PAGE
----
Well the new Tacoma is here, and it comes as no surprise that its unveiling has been extremely well covered by just about every major publication and website. As the runaway favorite among mid-size pickup shoppers, a vast improvement in ride quality is certainly something to take note of. We took one for a spin to see if the new Taco has lived up to the hype.
The most obvious changes to the Tacoma start on the exterior. An all new front end presents a more aggressive grill and headlight configuration, coupled to new headlights that house projector headlights. The new grill seems to sit higher and give the vehicle a better approach angle, adding to the overall truck-ier appearance of the Taco. Couple that with an updated rear end and some new wheel options, and the little truck that could never looked better.
Thankfully, the biggest changes exist inside the cabin. Toyota has been touting the additional sound deadening and new dash layout, claiming it drives more like a car than ever before. A laminated windshield, better door seals and additional material in the headliner and floor all contribute to a quieter cab at speed according to the Japanese manufacturing giant. First-hand experience showed us that it has indeed gotten quieter overall, and the new dash layout is very intuitive while still showcasing several new features previously unavailable. Standard features now include Bluetooth and the Entune stereo system, signs that Toyota knows that it needs to up the interior game if it wants to stay on top of this market.
There are only a couple drawbacks, and they are mostly associated with interior dimensions. In true Tacoma tradition, the cab is a little cramped and headroom isn’t exactly abundant if you’re over 6’ tall. The rear seats leave a little to be desired and as with the front, the seating positions wouldn’t be ideal for longer journeys. However, this is all coming in a package that is designed to get the job done and never let you down, so little issues such as these seem to be worth the overall reliability you get with the Toyota name.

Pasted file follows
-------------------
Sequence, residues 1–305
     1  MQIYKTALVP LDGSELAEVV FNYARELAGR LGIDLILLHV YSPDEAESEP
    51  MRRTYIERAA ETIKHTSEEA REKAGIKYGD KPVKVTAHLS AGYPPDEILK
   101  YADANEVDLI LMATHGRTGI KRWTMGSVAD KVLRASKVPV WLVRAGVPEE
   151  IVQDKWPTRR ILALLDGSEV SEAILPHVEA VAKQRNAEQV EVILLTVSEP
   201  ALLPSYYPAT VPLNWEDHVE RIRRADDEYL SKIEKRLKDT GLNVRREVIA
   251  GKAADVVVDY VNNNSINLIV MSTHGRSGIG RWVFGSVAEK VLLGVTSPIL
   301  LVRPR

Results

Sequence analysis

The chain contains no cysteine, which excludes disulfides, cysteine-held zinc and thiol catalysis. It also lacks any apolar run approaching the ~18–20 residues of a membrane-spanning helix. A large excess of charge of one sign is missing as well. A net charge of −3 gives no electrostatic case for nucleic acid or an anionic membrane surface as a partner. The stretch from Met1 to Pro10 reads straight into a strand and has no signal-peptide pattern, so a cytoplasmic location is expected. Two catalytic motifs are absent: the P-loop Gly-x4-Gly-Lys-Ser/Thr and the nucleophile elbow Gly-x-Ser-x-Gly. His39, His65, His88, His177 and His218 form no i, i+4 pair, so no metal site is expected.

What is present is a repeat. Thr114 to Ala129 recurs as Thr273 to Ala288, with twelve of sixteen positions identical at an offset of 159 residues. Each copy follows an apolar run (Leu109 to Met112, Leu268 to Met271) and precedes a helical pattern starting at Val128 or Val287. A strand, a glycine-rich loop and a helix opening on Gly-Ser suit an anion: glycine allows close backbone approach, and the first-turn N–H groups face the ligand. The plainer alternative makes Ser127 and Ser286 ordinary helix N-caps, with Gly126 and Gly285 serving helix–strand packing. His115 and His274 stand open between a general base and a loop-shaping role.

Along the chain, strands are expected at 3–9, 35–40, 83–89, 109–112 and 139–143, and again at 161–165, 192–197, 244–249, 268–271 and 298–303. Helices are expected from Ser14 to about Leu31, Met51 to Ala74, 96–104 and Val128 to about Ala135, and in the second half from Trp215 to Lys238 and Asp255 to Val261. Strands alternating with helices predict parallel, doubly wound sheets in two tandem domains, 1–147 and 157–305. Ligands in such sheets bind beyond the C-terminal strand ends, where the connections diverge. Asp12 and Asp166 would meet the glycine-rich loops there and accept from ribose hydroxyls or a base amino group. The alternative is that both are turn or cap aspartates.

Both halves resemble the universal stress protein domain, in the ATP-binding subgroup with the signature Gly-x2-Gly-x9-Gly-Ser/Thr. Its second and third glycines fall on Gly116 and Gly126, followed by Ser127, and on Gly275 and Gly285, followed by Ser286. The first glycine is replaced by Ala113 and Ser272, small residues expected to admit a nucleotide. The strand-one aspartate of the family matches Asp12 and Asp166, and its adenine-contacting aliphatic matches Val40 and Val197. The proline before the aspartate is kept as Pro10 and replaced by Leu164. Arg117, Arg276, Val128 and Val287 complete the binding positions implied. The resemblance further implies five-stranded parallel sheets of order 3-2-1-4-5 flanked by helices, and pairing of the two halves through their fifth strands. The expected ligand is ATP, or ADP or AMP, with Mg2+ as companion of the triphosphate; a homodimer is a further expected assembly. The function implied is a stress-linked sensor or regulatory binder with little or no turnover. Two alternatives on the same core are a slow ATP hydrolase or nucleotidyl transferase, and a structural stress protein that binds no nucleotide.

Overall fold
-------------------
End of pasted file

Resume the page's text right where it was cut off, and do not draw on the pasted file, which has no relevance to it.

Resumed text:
The new Atkinson cycle 3.5L V6 is a smooth performer, if not a slightly talkative one, as there is still a little bit of noise when you put your foot down. Torque is fairly accessible down low but the V6 doesn’t mind being revved out either. The slick 6 speed transmission shifts well and overall the drivetrain is happy in almost any situation. There is still a traditional manual transmission available for those with a strong left leg, but don’t expect to see many of those available at your local dealer.
This latest generation of one of the all-time favorite pickups represents a significant move by Toyota to keep increasingly picky buyers interested. Not only would we bet money that this outlasts the competition from GMC/Chevy, but it will look good doing it!